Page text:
Students at Wake County’s two new single-sex schools will attend classes somewhere other than William Peace University this fall.
On Thursday, Peace University officials issued a terse statement announcing they no longer wanted to continue negotiations with the school system to house the leadership academies at their historic downtown Raleigh campus.
The deal collapsed after Wake school board members, heeding the concerns of influential Peace alumnae, began raising questions about the proposed lease deal.
“William Peace University has requested that the Wake County Public School System remove the university from consideration for the leadership academies due to the division and controversy on the Wake County Public School System board,” according to the statement.
But Wake County Schools Superintendent Tony Tata is reassuring parents of the 300 students who were accepted into the leadership academies this fall that there are backup plans in place.
“Regardless of which early college partner we secure, the Wake County School Board and the Wake County Public School System are committed to the Leadership Academies,” Tata wrote in a letter sent Wednesday to families at the leadership schools.
Tata told parents another option would be to house the male academy at a modular school site next to East Millbrook Middle School in North Raleigh, and to locate the female academy at the Governor Morehead School for the Blind near downtown Raleigh.
The leadership academies were one of several changes undertaken at Peace, the all-female school that in the past year has announced it will take male students and change its name from Peace College.
The proposed leadership academies, which could have brought 400 high school students on campus, became another flashpoint in the fight between the administration and alumnae. Peace alumnae and students questioned the ability of accommodating the high school students on the small campus.
Miriam Dorsey, a Peace College graduate who worked with other alumnae to question moves by the new university administration, said she was surprised that the turnabout on the academies came so suddenly.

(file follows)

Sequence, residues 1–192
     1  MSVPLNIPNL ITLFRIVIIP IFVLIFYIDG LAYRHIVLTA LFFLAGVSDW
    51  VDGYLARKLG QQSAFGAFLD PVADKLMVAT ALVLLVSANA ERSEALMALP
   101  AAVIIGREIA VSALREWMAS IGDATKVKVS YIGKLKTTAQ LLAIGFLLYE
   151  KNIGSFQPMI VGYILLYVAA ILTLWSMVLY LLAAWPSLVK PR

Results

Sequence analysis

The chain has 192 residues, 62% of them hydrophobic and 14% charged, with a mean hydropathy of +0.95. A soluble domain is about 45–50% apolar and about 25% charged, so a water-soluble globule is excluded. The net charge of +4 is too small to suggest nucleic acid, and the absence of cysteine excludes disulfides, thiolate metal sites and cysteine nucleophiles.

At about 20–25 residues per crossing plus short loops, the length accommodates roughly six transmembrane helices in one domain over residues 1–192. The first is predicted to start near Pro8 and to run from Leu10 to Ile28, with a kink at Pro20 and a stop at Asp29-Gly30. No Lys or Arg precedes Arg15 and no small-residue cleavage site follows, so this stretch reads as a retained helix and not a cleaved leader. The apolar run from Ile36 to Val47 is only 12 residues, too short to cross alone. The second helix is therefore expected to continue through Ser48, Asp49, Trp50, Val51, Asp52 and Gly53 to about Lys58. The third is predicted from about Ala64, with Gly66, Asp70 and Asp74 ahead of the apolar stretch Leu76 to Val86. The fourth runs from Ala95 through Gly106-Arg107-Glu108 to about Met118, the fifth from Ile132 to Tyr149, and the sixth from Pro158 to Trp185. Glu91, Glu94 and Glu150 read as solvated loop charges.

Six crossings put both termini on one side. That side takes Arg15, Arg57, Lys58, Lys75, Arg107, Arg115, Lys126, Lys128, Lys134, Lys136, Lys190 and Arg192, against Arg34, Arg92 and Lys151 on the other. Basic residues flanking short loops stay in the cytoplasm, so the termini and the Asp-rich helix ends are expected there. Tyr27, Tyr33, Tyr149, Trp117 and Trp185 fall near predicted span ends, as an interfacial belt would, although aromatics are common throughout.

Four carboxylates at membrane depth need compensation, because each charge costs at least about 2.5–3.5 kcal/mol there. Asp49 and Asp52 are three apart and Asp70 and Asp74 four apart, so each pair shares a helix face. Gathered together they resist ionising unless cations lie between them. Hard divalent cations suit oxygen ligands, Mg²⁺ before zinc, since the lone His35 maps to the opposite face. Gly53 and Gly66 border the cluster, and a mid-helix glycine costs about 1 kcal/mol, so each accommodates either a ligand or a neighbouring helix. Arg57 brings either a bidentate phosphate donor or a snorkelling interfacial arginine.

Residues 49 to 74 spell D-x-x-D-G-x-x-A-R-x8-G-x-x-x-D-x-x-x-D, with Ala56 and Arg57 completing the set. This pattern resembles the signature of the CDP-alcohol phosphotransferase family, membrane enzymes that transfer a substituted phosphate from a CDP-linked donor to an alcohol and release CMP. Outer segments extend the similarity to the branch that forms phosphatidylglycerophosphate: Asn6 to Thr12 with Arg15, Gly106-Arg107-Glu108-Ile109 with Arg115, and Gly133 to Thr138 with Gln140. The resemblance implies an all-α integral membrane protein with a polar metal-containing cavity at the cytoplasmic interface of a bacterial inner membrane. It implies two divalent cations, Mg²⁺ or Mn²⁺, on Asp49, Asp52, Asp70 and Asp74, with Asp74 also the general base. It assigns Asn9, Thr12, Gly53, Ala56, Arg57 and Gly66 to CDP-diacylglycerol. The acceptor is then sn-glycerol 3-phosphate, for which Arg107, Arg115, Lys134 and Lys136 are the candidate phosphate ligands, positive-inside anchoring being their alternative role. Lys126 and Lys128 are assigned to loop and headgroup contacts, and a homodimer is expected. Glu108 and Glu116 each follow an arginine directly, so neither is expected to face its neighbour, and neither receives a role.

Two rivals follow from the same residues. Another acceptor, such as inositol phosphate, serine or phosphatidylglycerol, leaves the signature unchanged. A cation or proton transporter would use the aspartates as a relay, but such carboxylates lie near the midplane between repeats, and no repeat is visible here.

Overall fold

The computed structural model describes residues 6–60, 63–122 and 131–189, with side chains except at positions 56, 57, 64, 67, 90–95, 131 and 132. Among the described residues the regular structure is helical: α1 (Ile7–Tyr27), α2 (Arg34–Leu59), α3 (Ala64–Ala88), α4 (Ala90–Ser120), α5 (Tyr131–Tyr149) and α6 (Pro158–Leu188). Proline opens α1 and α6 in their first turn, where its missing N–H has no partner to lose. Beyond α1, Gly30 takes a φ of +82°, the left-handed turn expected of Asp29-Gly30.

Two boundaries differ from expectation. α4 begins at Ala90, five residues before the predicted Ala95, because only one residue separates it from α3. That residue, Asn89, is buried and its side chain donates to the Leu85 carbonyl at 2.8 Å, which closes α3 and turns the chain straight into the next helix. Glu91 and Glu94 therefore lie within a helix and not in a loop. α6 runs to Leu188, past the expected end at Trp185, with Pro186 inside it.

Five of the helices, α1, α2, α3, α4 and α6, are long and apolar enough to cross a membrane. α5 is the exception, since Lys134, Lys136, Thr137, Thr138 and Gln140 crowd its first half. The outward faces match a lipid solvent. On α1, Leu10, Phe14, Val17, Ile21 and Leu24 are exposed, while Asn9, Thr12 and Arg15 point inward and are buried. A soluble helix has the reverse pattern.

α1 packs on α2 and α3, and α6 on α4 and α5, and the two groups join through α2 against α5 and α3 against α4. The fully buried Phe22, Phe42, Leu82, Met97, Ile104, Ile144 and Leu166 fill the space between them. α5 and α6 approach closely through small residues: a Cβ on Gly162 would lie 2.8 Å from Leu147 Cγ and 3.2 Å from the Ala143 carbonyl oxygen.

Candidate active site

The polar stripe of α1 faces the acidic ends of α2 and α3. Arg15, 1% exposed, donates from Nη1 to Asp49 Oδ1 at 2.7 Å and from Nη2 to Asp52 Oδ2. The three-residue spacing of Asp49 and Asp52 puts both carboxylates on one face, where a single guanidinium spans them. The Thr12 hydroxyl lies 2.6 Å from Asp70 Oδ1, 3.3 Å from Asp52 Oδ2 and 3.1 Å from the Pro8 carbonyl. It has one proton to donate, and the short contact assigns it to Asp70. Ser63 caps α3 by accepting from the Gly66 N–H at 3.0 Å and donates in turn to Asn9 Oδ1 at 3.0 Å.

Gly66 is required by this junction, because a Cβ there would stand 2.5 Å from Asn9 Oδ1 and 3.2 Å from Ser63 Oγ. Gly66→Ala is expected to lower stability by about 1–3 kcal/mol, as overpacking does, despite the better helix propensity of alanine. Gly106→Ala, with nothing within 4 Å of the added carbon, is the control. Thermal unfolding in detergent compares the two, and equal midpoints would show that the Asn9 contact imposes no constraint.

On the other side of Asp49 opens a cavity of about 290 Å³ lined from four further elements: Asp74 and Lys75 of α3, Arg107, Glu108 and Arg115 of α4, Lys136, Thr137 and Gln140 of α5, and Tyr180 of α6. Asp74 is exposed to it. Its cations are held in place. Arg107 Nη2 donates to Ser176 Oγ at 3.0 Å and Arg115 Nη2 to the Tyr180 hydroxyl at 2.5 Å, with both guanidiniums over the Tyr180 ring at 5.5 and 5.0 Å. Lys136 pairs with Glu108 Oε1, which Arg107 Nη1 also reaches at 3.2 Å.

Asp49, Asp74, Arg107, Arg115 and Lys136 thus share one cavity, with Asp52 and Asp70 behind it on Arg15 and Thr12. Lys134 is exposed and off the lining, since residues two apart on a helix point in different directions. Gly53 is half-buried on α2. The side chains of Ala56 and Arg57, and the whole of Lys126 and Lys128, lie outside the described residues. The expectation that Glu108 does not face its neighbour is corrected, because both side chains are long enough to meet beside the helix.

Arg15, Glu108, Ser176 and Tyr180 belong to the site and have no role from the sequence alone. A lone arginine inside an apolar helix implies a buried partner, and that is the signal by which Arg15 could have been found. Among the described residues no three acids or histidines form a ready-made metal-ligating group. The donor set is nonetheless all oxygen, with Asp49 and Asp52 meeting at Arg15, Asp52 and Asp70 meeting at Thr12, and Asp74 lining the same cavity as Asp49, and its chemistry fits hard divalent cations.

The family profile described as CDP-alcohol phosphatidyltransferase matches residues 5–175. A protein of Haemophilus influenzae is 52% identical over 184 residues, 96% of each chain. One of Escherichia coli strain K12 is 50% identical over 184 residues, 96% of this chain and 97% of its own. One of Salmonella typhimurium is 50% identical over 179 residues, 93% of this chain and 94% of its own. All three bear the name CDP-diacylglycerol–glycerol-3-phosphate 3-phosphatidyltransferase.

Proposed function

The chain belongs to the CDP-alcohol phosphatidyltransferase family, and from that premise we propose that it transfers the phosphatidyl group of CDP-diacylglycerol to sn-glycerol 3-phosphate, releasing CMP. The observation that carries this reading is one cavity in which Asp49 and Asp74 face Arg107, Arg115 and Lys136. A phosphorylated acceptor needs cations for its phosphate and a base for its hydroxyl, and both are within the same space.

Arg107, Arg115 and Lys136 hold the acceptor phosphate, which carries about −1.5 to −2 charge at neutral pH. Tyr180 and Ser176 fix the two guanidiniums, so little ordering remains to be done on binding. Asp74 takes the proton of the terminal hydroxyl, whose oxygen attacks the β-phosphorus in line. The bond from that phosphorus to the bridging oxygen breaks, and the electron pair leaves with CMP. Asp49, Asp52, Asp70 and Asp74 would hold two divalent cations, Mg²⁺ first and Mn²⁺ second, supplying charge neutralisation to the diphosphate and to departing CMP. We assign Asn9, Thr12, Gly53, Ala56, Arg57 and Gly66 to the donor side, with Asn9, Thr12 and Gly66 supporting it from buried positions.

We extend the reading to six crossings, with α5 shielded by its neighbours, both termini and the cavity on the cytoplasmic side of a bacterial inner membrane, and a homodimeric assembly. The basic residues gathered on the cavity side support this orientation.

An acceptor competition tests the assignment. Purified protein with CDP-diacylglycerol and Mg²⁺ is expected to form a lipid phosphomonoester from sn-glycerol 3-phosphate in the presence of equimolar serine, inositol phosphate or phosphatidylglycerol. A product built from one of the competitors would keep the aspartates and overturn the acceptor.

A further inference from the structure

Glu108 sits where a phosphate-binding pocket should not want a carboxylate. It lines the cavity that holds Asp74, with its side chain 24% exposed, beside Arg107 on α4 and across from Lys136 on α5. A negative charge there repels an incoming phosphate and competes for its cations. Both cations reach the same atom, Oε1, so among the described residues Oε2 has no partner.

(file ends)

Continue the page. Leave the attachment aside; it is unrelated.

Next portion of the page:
“The whole thing has been very curious,” she said. “It was amazing that (Peace) waited until the vote was about to come upon them. We had tried to talk to people at Peace and on the school board about the inadvisability about having the high schools there.”
At least five school board members agreed with Dorsey’s group, she said, adding that the panel’s five Democrats were more likely to speak out on the issue.
Dorsey and other speakers urged the school board to walk away from the deal at a meeting Tuesday. The school board held a lengthy closed session and planned to revisit the deal April 24.
“The best place for the leadership academy students may not have been at Peace during the transition it’s going through,” school board member Christine Kushner, a Democrat, said Thursday.
The district is forming a separate school for male students and another for female students. Attending grades six through 12 with a leadership-oriented theme, students would be able to graduate high school with two years of college credit.
Wake received more than 1,000 applications to the academies, the only single-sex schools in the system. .
Kushner said because the academies are opening the first year with only students in sixth, seventh and ninth grades, they have time to find another college partner. High school students wouldn’t begin taking college courses until their junior year.
“We will keep going forward with the leadership academies,” she said. “Many parents want single gender and the leadership theme.”